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White Matter Abnormalities on Magnetic Resonance Imaging in Bipolar Patients

Ian Harvey, MSc; Maria Ron, PhD; George Du Boulay, FRCP; Robin Murray, DSc; Shon Lewis, MPhil
Arch Gen Psychiatry. 1990;47(12):1172-1173. doi:10.1001/archpsyc.1990.01810240092016.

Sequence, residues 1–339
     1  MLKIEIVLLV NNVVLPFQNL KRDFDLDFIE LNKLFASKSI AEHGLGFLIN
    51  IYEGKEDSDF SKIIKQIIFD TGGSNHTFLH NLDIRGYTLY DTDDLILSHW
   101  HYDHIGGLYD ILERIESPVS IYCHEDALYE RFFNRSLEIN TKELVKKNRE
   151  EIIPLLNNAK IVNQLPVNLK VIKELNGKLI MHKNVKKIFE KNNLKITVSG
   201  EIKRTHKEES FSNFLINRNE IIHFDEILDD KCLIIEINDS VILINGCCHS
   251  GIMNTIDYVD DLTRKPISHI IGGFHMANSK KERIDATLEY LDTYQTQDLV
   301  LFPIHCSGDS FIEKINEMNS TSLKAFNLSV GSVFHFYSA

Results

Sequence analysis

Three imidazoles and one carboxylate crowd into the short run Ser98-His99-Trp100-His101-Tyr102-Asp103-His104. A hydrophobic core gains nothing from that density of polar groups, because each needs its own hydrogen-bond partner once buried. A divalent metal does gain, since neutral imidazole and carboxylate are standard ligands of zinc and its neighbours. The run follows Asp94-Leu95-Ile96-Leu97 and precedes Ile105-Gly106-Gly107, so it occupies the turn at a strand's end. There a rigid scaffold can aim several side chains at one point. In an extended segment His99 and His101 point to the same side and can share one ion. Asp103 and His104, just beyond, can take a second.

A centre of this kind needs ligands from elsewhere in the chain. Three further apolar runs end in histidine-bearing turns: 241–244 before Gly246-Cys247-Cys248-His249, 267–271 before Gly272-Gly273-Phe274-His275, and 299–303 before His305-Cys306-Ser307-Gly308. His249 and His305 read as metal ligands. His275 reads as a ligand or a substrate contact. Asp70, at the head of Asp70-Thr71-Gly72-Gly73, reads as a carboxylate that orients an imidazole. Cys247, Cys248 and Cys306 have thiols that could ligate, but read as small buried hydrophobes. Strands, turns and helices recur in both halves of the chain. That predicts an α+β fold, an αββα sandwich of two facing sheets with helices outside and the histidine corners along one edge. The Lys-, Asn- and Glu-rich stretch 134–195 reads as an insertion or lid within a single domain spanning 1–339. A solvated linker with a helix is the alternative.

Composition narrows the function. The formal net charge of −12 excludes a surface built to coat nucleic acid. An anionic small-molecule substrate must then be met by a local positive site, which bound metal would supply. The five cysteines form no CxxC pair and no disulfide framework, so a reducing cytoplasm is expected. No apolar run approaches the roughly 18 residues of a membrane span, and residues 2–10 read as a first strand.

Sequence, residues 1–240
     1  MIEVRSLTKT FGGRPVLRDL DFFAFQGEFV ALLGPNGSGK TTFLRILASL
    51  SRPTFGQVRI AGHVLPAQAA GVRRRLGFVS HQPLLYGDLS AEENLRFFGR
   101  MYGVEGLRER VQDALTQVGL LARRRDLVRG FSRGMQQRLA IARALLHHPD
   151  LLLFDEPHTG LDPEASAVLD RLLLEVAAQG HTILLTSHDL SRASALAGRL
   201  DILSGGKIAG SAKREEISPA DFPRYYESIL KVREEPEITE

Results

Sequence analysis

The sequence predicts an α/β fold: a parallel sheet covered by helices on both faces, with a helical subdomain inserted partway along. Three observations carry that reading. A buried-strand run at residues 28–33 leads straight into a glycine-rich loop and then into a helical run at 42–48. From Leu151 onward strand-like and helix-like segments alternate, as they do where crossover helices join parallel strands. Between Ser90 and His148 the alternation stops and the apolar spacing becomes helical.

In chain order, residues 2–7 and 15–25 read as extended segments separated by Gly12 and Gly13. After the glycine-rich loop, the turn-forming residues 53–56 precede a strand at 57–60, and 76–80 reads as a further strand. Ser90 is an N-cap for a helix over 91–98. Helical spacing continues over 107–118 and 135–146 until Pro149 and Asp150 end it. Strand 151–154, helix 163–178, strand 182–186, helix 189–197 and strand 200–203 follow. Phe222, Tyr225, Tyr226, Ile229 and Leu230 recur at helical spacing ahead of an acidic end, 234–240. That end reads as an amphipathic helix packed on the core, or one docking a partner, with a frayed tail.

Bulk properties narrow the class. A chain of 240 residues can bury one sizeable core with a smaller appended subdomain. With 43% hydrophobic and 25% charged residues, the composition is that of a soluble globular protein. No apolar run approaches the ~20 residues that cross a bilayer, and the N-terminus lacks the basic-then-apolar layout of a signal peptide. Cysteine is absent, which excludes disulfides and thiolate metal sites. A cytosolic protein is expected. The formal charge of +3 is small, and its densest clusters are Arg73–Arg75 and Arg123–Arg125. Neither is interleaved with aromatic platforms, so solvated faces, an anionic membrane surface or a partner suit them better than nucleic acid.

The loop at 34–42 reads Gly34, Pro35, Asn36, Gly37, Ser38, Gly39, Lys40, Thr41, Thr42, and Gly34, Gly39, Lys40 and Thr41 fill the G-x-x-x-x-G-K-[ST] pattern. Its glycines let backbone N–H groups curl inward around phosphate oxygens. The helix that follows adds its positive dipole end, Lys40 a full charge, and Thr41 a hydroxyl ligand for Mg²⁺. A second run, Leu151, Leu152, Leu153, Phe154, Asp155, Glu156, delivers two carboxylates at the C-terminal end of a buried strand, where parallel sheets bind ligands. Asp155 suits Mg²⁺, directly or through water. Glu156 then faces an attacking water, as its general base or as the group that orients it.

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To the Editor.—  In their recent article, Dupont et al stressed the importance of small focal white matter hyperintensities in bipolar disorder; these were absent in their control group but present in half of their patients. Although these focal abnormalities may reflect some disease, we wish to caution against the idea that they are not present in apparently healthy controls. As part of a magnetic resonance imaging study of schizophrenia, we collected data on 36 healthy controls and found similar small discrete abnormalities in seven people. These controls were matched to the patients by being taken from a similar parental social class, as well as being matched for age, sex, and race. All controls were younger than 50 years of age and had no history of neurologic or major psychiatric disorders, treated hypertension, systemic illness, or head injuries requiring hospital admission. The mean alcohol intake was less than 8 units


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